What Is Causing Your Eye Pain?

Woman having eye pain

11 Common Causes of Eye Pain

It's only natural to worry if you have pain in or around your eyes. Although it's important to see the ophthalmologist if your eyes hurt, pain doesn't necessarily mean that you have a serious problem. Your pain could be caused by:

1. Dry Eye. Dry eye is a common complaint in the U.S. According to the National Eye Institute, nearly 16 million Americans have this painful, annoying condition. In addition to pain, you may experience itching, burning, stringy eye discharge, or a feeling that something is stuck in your eye. Lubricating drops that moisten your eyes and relieve your discomfort can help keep dry eye under control. If the drops don't help, your eye doctor may recommend other treatments, such as medications to increase tear production or reduce inflammation. They may also recommend a procedure that blocks tear ducts and improves your tear film.

2. Eyestrain. Did your pain start after reading, driving, or looking at a digital screen for hours? You may have eyestrain. Other symptoms can include double or blurred vision, dry eyes, sensitivity to light, headaches, and neck or shoulder pain. Using eye drops to moisten your eyes and taking frequent breaks can be helpful if you experience eyestrain.

3. Corneal Abrasion. Pain in your eye could also be caused by a scratch on your cornea, the clear, rounded tissue that covers your iris and pupil. Called "corneal abrasions," these injuries can be quite painful but usually begin to get better in just a few days. While your eye heals, you may need to take over-the-counter pain medication or use special lubricating drops.

4. Foreign Body. A speck of dust, a shard of glass, or a piece of sand in your eye could be to blame for your pain. Although you may be able to flush out dust or sand with clean water, you'll need to pay a visit to the ophthalmologist if any other foreign body is stuck in your eye. They will apply drops that numb your eye, then remove the object. In some cases, stitches, antibiotics, or surgery may be needed.

5. Infections. Pink eye is the most widely known eye infection, but any viral, fungal, or bacterial infection in the eye can cause pain. If not treated, some eye infections may even lead to vision loss. Infections can happen if you don't wash your hands before touching your eyes, handling contact lenses, or have a cut on your eye. Prescription eye drops are helpful in treating infections and reducing inflammation and pain.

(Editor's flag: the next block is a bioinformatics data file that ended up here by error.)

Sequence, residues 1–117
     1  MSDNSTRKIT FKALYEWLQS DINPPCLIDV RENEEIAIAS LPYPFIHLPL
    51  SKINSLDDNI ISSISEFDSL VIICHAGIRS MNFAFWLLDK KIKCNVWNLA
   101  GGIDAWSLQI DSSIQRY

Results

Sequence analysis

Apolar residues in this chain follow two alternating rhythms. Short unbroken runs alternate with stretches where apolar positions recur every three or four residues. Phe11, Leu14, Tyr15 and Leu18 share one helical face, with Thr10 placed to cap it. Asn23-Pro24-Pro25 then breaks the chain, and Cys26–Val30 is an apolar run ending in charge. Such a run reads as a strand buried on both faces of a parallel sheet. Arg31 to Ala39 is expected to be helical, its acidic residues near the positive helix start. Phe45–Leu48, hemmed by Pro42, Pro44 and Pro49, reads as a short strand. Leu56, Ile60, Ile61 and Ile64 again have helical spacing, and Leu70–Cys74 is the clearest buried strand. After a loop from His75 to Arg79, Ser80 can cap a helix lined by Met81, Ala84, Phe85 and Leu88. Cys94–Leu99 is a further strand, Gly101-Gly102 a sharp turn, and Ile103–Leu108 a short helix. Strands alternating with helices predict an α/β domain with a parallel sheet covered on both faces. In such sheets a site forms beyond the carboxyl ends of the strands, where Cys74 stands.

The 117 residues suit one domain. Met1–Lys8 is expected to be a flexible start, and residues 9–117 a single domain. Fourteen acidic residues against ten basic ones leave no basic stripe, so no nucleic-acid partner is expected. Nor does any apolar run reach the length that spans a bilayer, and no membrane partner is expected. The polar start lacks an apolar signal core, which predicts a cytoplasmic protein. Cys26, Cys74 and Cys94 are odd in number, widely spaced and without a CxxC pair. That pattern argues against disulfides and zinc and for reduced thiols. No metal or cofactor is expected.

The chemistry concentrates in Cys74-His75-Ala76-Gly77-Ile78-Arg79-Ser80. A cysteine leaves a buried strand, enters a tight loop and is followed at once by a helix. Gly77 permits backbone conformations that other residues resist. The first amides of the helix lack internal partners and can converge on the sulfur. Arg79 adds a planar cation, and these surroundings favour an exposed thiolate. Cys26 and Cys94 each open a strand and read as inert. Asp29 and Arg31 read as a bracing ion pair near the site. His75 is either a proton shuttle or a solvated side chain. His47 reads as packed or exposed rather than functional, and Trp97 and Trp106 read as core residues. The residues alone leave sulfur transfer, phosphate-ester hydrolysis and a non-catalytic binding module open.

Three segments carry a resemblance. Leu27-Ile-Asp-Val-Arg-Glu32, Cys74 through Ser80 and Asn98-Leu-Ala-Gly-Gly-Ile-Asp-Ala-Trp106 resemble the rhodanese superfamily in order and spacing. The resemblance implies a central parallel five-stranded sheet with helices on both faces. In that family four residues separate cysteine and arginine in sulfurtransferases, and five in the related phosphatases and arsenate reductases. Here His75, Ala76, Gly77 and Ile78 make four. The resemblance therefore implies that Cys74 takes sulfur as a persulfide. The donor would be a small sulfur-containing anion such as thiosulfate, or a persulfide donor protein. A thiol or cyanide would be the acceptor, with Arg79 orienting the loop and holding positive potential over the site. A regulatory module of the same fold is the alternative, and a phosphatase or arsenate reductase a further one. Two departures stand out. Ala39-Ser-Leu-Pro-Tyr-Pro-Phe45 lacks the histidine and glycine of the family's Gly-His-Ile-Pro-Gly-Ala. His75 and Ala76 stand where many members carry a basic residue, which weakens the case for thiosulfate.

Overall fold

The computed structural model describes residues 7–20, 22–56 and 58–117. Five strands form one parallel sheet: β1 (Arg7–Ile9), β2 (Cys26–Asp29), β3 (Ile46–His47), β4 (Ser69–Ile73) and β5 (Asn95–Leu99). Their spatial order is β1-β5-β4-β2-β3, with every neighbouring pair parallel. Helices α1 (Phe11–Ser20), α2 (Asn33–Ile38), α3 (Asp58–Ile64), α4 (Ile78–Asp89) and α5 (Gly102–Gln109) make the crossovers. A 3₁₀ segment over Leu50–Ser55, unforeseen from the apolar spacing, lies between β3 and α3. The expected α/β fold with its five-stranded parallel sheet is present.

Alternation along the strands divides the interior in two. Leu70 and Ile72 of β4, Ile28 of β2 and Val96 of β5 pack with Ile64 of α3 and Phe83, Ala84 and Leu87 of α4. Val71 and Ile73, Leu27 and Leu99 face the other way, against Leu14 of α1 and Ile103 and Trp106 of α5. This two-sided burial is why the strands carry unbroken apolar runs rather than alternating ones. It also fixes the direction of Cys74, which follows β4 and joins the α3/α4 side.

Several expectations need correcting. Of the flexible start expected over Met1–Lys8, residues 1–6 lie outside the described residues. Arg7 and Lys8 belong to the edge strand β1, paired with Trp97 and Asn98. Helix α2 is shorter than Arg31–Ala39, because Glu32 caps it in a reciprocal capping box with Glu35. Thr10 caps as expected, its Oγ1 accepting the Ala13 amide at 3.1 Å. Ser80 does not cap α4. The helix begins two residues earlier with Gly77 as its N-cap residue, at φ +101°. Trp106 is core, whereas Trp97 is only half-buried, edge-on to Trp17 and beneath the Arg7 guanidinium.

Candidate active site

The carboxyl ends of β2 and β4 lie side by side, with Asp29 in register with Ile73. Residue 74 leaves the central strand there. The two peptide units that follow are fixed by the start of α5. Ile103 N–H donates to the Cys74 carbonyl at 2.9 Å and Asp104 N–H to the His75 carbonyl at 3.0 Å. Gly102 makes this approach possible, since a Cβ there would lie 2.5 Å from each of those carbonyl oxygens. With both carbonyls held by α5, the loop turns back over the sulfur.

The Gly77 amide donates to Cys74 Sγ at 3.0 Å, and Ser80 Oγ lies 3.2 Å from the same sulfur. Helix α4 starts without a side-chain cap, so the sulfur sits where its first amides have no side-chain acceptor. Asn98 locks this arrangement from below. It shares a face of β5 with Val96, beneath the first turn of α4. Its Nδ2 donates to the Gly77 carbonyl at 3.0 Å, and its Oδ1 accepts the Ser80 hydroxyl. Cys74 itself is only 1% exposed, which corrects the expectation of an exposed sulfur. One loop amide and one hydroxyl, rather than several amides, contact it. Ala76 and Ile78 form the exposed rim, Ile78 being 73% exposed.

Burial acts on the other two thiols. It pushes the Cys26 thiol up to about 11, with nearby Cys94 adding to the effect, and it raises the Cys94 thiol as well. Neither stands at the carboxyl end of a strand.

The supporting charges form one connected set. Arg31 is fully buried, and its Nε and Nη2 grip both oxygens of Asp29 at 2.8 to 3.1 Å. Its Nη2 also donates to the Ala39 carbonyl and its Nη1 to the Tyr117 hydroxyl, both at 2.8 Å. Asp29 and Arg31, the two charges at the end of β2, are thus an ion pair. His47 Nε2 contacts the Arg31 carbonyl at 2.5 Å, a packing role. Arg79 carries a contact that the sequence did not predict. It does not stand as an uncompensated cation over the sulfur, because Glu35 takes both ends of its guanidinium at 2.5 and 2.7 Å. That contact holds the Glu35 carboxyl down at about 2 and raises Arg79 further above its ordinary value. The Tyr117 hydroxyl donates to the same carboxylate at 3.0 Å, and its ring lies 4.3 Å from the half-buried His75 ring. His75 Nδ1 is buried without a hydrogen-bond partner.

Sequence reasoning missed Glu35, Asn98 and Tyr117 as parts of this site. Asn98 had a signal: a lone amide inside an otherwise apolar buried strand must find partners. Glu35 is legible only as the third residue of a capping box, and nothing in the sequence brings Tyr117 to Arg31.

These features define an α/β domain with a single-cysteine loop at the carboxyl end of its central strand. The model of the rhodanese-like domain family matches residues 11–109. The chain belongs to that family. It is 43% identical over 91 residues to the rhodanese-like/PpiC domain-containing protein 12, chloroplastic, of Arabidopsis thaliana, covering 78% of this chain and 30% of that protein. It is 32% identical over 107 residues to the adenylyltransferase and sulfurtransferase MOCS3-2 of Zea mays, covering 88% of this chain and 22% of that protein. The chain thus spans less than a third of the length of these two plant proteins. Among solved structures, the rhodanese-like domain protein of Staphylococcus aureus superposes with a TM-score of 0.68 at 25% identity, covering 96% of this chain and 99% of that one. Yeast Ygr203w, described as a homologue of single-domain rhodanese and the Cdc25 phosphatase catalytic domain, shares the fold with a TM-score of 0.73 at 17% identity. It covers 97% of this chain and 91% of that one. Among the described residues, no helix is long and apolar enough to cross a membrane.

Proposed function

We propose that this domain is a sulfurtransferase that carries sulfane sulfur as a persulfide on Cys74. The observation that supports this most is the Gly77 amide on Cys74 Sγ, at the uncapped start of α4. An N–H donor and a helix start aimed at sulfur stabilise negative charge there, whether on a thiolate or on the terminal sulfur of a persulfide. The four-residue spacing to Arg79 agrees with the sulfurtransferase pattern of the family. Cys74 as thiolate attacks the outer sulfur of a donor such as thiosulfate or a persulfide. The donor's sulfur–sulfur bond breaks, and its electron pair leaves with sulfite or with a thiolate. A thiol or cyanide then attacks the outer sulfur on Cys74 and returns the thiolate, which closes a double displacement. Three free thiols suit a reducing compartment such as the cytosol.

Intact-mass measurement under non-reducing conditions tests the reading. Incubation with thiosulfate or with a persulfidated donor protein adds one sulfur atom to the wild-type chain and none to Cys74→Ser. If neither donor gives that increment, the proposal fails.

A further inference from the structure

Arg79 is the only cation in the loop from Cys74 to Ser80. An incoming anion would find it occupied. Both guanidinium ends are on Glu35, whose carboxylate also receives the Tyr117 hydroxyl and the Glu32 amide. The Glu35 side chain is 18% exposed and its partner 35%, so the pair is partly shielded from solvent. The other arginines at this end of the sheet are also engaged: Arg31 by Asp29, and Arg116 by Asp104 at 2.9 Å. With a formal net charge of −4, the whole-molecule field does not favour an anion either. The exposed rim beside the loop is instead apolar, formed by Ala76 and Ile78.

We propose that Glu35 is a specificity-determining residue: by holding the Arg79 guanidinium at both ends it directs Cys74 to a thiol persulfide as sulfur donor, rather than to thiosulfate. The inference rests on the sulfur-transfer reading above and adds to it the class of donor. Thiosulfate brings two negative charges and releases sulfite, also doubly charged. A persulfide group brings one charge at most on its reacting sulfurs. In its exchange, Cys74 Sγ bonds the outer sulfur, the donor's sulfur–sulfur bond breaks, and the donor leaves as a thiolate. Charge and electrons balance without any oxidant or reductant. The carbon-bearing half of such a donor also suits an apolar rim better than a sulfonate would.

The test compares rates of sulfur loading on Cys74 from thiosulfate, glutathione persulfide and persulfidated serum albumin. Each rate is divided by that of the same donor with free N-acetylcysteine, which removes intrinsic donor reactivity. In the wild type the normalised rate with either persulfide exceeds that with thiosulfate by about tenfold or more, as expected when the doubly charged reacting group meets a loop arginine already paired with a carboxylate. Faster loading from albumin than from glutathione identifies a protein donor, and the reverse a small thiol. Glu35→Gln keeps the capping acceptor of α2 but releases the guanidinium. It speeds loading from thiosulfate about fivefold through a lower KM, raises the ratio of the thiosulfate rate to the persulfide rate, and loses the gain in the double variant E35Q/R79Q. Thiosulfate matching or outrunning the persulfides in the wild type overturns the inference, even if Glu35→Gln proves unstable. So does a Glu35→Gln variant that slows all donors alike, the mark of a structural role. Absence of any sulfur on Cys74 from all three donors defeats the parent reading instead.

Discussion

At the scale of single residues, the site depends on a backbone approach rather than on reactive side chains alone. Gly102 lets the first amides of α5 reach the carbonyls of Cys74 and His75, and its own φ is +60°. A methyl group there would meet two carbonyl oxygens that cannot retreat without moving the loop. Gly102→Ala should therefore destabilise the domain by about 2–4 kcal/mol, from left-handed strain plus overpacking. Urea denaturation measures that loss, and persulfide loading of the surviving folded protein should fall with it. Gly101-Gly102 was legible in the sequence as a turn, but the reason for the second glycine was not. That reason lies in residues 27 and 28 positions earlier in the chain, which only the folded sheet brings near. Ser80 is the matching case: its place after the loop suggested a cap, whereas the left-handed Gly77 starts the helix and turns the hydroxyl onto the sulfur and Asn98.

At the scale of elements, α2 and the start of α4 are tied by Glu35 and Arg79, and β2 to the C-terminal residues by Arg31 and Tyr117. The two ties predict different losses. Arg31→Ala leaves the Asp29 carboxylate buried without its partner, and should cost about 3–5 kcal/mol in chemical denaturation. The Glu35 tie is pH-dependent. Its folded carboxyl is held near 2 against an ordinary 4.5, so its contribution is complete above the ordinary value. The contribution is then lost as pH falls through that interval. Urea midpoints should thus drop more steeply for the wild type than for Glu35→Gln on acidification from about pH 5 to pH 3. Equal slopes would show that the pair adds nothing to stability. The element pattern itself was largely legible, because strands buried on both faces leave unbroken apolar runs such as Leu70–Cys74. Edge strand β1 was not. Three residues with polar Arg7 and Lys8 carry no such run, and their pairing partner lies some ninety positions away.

6. Periorbital Cellulitis. This painful condition is due to an infection in your eyelid or the skin surrounding your eye. You'll need to take antibiotics to prevent the infection from spreading to your eye socket.

7. Shingles. Shingles can affect your eyes too. Signs and symptoms include pain, blurry vision, vision loss, light sensitivity, and redness. Prescription eye drops that dilate (widen) your pupils can decrease pain, while steroid drops reduce inflammation.

8. Optic Neuritis. Pain, blurry vision, faded colors, and blank spots in your vision could be symptoms of optic neuritis. The condition occurs when the optic nerve, the pathway between the brain and the eyes, becomes swollen and inflamed. Optic neuritis often gets better on its own, although in some cases, your eye doctor may recommend intravenous (IV) steroids to decrease swelling and inflammation.

9. Optic Neuropathy. Damage to the optic nerve due to blood flow issues can cause optic neuropathy. In addition to pain, symptoms can include vision loss, faded vision, loss of peripheral vision, or flashing lights. Anti-inflammatory medication or blood pressure drugs can help prevent further damage to your vision.

10. Uveitis. Uveitis, a condition that occurs due to inflammation in the middle part of the eye, causes pain, redness, blurry vision, light sensitivity, and small pupil size. Without treatment, uveitis can cause permanent vision loss. Uveitis treatment depends on the severity of the inflammation but may include antibiotics or anti-fungal medication, steroids, anti-inflammatory injections, or medications that suppress the immune system.

11. Glaucoma. A sudden increase in the pressure inside your eye can cause pain, loss of vision, blurry vision, halos around lights, and nausea if you have angle-closure glaucoma. The problem occurs when your iris blocks drainage channels inside your eye. Angle-closure glaucoma treatment involves emergency surgery to improve drainage.

Other Reasons Your Eye May Hurt

You may also experience eye pain due to eyelid inflammation, migraines, sinus infections, or styes. Treating eye pain as soon as possible helps protect your eyesight. Contact our office if your eye hurts or you've noticed any changes in your vision.

Sources:

National Eye Institute: Dry Eye, 12/22/20

All About Vision: Eye Pain: Causes of Pain In, Around, or Behind Your Eyes and Treatment Options, 6/ 20

Cleveland Clinic: Eye Pain: Possible Causes

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